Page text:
To improve the efficiency of learning Finn *et* al. (2017) introduced *first order model agnostic meta learning* or *FOMAML* which simply omitted the second derivatives. Surprisingly, this did not impact performance. They speculate that this might be because that RELU networks are almost linear and so the second derivatives are close to zero.

Nichol *et* al. (2018) introduced a simpler variant of first order MAML which they called *Reptile*. As for MAML, the algorithm repeatedly samples tasks $\mathcal{T}_{j}$, and optimizes the global parameters $\boldsymbol\phi$ to create task specific parameters $\boldsymbol\phi_{j}$. Then it updates the global parameters using the rule:

\begin{equation}

\boldsymbol\phi \longleftarrow \boldsymbol\phi + \alpha (\boldsymbol\phi_{j}-\boldsymbol\phi). \tag{4}

\end{equation}

This is illustrated in figure 1c. One interpretation of this is that we are performing stochastic gradient descent on a task level rather than a data level.

Jayathilaka (2019) improved this method by adding two thresholds $\beta$ and $\gamma$ as hyper-parameters. After $\beta$ steps, the gradient is pruned so that if the change in parameters $(\boldsymbol\phi_{j}-\boldsymbol\phi) < \gamma$ then no change is made. The logic of this approach is that the end of the meta-training procedure is over-learning the training tasks and hence this part of the regime is damped.

In the previous section we discussed algorithms that learn good starting positions for optimization. In this section we consider methods that learn the optimization algorithm itself. The idea is that these new optimization schemes will be constrained to produce models that generalize well when trained with few examples.

We will discuss two approaches. In the first we consider the learning rule as the cell-state update in a long short-term memory (LSTM) network; the LSTM is a model used to analyse sequences of data, and here these are sequences of optimization steps. In the second approach we frame the optimization updates in terms of reinforcement learning.

Ravi & Larochelle (2016) propose training a LSTM based meta-learner, where the cell state represents the model parameters. This was inspired by their realization that the standard gradient descent update rule has a very similar form to the cell update in an LSTM. We'll review each in turn to make this connection explicit.

The gradient descent update rule for a model with parameters $\boldsymbol\phi$ is given by:

\begin{equation}\label{eq:ravi_gradient}

\boldsymbol\phi_{t} = \boldsymbol\phi_{t-1}-\alpha\cdot\mathbf{g}_{t-1}, \tag{5}

\end{equation}

where $t$ represents the time step, $\alpha$ is the learning rate and $\mathbf{g}_{t}$ is the gradient vector. The cell state update rule in an LSTM is given by:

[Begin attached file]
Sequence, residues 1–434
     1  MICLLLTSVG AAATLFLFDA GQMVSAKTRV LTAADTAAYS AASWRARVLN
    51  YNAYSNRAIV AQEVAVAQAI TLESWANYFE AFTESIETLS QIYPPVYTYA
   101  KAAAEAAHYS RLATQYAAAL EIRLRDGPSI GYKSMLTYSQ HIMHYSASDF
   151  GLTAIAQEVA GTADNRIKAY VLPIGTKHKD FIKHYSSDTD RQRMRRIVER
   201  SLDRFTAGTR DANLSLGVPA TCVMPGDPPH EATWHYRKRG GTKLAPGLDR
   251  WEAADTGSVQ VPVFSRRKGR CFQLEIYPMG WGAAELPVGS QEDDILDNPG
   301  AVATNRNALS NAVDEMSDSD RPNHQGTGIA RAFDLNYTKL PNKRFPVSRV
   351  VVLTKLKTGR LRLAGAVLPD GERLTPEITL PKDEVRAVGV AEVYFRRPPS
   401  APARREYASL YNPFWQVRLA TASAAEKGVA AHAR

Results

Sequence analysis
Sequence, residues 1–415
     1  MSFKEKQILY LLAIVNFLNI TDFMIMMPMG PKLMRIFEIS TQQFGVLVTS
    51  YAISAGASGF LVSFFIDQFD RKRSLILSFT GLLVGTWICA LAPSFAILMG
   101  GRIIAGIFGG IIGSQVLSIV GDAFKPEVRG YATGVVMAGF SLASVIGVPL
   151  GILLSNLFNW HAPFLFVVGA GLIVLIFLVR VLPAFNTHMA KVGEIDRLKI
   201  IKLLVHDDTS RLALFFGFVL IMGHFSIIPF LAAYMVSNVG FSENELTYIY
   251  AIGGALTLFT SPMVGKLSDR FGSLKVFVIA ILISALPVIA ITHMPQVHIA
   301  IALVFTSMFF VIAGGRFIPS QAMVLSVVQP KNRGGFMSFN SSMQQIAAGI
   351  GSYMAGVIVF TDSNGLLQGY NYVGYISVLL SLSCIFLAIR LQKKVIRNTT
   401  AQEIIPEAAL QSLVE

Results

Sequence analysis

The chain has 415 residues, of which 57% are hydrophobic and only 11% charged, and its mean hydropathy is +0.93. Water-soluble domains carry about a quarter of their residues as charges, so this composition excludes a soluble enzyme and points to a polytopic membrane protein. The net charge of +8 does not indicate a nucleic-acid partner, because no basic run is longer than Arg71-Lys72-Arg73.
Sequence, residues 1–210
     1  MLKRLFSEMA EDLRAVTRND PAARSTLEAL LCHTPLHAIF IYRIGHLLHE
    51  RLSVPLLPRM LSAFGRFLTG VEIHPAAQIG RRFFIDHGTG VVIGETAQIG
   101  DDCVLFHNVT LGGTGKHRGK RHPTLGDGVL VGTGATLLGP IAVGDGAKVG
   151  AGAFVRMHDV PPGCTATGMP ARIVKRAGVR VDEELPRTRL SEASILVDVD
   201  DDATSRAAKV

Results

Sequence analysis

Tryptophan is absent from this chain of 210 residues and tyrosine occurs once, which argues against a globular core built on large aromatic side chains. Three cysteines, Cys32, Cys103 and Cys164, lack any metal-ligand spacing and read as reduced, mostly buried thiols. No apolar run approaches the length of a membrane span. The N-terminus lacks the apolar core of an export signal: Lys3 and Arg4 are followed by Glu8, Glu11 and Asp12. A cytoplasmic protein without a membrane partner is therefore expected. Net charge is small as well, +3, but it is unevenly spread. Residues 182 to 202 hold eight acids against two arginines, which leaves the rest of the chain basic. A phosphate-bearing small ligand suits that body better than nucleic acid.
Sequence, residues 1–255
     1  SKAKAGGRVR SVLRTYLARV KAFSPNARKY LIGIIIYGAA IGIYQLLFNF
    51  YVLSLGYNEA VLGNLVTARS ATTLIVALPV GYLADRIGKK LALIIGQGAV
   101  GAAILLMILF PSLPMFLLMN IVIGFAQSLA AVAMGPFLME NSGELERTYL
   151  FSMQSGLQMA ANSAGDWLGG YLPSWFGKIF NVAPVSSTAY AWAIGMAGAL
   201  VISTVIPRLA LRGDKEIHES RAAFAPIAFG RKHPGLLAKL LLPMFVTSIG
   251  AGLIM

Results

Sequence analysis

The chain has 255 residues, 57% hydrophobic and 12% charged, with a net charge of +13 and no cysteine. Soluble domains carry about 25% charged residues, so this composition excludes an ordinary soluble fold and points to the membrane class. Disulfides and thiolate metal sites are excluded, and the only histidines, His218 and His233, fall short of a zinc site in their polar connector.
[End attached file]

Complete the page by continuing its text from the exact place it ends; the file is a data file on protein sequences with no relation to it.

\begin{equation}\label{eq:ravi_optimize}

\mathbf{c}_{t} = \mathbf{f}_{t} \odot \mathbf{c}_{t-1} + \mathbf{i}_{t}\odot \tilde{\mathbf{c}}_{t-1}, \tag{6}

\end{equation}

where the cell state $\mathbf{c}_{t}$ at time $t$ is updated based on i) previous cell state $\mathbf{c}_{t-1}$ moderated by the forget gate $\mathbf{f}_{t}$ and ii) the candidate value for the cell state $\tilde{\mathbf{c}}_{t-1}$ moderated by the input gate $\mathbf{i}_{t}$.

The mapping from equation 5 to 6 is now clear. The cell state of the LSTM takes the place of the parameters $\boldsymbol\phi$ and the candidate value for the cell state $\tilde{\mathbf{c}}_{t-1}$ takes the place of the gradient $\mathbf{g}_{t-1}$. For the gradient descent case, the forget gate $\mathbf{f}_{t} = \mathbf{1}$, and the input gate $\mathbf{i}_{t} = -\alpha\mathbf{1}$.

Hence, Ravi & Larochelle (2016) propose representing the parameters of the models by the cell state of an LSTM and learning more general functions for the forget and input gates (figure 3). Each of these are two-layer neural networks that take a vector containing the previous gradient, previous loss function, previous parameters and previous value of the gate.

At each step of the training, the LSTM sees a sequence that corresponds to iterative optimization of the parameters $\boldsymbol\phi$ for the $j^{th}$ task. The LSTM learns the update rule from these sequences by updating the parameters in the forget and input gates; the parameters of these networks are manipulated to select an update rule that tends to produce good generalization.

In practice, each parameter is updated separately, so that there is a different input and forget gate for each. Similarly to ADAM, each parameter has a different learning rate, but now this learning rate is a complex function of the history of the optimization.